Food consumes a large part of my life, my time, my work, my brain, my belly. But it’s not everything. And some days, for a few brief moments, my other work makes me think â€” pause â€” this whole food thing is trivial. Not that it isn’t important. It’s vitally important, and ever more so every day, as food collides with environment, climate, disease, politics, philosophy, everything on this ever-changing Planet Earth. Most days, food ranks right at the top of my priorities.
But some days, I have little appetite. I trundle through places and stories that muddle my gut. Some days, I edit the written works of people such as Masaru Goto, an extraordinary photographer (and brilliant friend), and I see the faces of southern Thailand’s senseless, shameful war.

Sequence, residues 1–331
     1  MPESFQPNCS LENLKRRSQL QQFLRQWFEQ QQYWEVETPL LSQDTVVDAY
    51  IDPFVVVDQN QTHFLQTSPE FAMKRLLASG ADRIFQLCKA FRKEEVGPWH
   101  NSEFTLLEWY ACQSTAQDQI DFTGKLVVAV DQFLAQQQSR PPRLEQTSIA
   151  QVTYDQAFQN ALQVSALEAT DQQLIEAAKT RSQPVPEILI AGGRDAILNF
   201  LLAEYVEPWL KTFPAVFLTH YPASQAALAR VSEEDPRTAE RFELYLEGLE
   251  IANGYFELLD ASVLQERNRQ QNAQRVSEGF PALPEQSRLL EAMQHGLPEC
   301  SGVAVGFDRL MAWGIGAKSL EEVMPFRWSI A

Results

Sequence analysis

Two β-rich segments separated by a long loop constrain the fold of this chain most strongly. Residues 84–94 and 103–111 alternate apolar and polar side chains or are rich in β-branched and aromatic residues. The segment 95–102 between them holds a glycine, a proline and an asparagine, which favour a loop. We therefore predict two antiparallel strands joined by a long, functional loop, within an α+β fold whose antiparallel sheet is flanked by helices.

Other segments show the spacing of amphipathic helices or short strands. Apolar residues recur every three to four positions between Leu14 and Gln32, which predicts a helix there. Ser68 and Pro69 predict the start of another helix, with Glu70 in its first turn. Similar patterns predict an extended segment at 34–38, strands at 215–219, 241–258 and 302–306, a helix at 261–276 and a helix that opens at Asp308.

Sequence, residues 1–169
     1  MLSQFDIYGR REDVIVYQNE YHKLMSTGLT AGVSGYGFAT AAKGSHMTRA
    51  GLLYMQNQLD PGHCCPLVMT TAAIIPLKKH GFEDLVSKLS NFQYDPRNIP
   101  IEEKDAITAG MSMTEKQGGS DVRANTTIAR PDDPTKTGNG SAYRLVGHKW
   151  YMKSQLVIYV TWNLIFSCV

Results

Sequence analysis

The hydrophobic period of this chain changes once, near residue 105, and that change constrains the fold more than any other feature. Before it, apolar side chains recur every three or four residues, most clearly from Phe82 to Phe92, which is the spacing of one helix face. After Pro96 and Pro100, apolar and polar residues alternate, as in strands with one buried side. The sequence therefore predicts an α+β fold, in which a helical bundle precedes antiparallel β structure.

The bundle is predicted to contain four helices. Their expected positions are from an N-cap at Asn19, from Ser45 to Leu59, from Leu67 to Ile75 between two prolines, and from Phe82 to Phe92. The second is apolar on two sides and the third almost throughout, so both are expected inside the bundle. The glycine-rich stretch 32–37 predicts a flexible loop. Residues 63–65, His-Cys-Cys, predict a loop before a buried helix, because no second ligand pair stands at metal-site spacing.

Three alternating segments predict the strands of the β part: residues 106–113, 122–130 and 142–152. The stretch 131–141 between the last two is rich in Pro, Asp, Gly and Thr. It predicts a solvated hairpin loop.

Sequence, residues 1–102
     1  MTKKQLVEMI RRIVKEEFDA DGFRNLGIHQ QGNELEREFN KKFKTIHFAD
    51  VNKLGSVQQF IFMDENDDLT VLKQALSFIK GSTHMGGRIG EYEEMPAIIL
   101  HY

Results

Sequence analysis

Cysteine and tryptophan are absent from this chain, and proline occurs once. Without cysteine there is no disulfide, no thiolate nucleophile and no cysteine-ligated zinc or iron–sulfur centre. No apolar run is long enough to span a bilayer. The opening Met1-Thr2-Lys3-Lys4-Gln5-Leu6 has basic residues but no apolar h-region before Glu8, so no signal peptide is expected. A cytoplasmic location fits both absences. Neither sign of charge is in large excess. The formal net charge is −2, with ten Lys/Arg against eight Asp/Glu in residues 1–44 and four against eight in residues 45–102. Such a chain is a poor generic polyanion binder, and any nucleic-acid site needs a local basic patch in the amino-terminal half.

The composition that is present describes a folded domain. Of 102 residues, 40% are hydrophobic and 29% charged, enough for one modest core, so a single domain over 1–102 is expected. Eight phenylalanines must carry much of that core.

I feel the chill of Chernobyl, of its people living and dead, in images by Lourdes Segade.
And this week, it was Jean Chung who quieted my hunger, as I compared photos and captions from her essay on women in Afghanistan who die during childbirth. The work has won this year’s CARE international humanitarian photojournalism award. I’ll send you a link when the photo story comes out….
But you see, even in Jean’s essay I find room for the contemplation of food. The young mother in her story was 26, with tuberculosis, before she gave birth and died. Tuberculosis, a disease that killed my grandfather before I was born, a disease long gone from these States now. A disease I see all the time in my travels. How did nutrition, or the lack thereof, contribute to this young mother’s death? How does food, or the lack thereof, factor in any story of our day? Are these concerns for foodies 10,000 miles away? Should they be? Heavy questions, frequently asked, sometimes answered, but seldom with a compunction that brings itself to dinner when the table is set, the plates are full and the mood is easy.